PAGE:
Saturday, April 23, 2005


Part of our Pacific Northwest vacation was spent appeasing my inner geek by taking a tour of the Boeing manufacturing plant in Everett, Washington. Not only would I get to be able to see how airplanes are constructed (I've wanted to be an aeronautical engineer when I was little), but perhaps I might find some insight as to why the windows in airplanes are placed below eye level.

It really makes no sense that one has to duck down in order to see out of the window of any commerical passenger airplane that I've been in, whether it be manufactured by Boeing, McDonnel-Douglas, or even Airbus.

Anytime we fly over something interesting, I have to duck down and contort my body in already cramped quarters in order to get a glimpse. Forget trying to get my camera out of my carry-on bag to take pictures. That's asking way too much. As I'm sitting there with my head between my knees, face plastered to the plastic window, peering out the window at something on the ground that I can barely make out, I often wonder what these aeronautical engineers were thinking when they designed the planes in this style.

Perhaps the engineers unreasonably thought that only children would enjoy looking out of airplane windows and thus placed the windows at the eye level of a seated 11 year old. Or, perhaps the low window height is for the benefit of the person sitting in the aisle seat, which would allow for easy angled viewing of the ground and horizon from the far seat, without the contorting and twisting and ducking. Maybe this, maybe that.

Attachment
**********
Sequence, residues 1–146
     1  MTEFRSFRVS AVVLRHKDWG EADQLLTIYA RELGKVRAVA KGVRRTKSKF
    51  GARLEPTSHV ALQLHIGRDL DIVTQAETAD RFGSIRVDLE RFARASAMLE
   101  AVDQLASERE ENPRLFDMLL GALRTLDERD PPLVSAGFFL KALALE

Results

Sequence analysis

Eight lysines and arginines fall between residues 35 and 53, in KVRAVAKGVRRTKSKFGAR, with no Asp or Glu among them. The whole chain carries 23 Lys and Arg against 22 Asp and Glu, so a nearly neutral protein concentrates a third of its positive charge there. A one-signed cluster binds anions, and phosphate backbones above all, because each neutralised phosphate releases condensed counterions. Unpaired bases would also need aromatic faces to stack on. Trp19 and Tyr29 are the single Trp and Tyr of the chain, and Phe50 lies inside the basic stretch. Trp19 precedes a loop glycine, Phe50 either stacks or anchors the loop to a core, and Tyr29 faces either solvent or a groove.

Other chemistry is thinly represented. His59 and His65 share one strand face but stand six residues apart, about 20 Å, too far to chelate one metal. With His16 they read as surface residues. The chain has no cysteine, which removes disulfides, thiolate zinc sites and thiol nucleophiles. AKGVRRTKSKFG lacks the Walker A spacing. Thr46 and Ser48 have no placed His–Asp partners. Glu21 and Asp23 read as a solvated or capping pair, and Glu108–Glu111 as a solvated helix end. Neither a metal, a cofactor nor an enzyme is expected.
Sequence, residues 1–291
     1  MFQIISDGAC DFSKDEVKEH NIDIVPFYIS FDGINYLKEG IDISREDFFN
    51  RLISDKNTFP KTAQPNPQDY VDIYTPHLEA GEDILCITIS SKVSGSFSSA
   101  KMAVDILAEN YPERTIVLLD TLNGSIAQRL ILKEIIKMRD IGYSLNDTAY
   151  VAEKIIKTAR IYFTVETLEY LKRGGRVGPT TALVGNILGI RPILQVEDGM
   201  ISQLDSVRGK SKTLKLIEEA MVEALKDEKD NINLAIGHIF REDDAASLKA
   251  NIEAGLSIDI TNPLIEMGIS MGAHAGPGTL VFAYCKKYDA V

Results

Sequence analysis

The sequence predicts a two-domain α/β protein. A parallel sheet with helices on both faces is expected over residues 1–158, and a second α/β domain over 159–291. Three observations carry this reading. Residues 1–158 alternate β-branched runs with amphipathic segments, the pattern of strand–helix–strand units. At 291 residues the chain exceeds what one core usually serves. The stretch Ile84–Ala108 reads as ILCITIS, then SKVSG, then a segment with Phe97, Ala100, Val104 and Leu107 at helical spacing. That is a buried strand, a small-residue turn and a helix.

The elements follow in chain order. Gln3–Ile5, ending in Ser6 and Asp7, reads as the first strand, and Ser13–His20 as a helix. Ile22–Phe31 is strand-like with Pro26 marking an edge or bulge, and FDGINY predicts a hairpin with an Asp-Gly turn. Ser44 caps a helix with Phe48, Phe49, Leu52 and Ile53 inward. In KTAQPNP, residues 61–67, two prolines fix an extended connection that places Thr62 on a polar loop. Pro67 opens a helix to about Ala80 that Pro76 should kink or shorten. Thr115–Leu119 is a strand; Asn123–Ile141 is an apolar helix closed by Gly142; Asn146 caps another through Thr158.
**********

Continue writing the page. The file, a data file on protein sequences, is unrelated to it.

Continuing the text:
Whatever the reason, the tourguide never mentioned it during the 80 minute tour. So that will remain a mystery. However, we did do some cool things like walking in a not-so-secret underground tunnel and watching some workers put the fuselage onto the main body. We did have to tolerate 2 lame promo movies and even more lame puns delivered with no sense of timing or humor by the tourguide, but overall, a great way to spend a rainy morning in Seattle.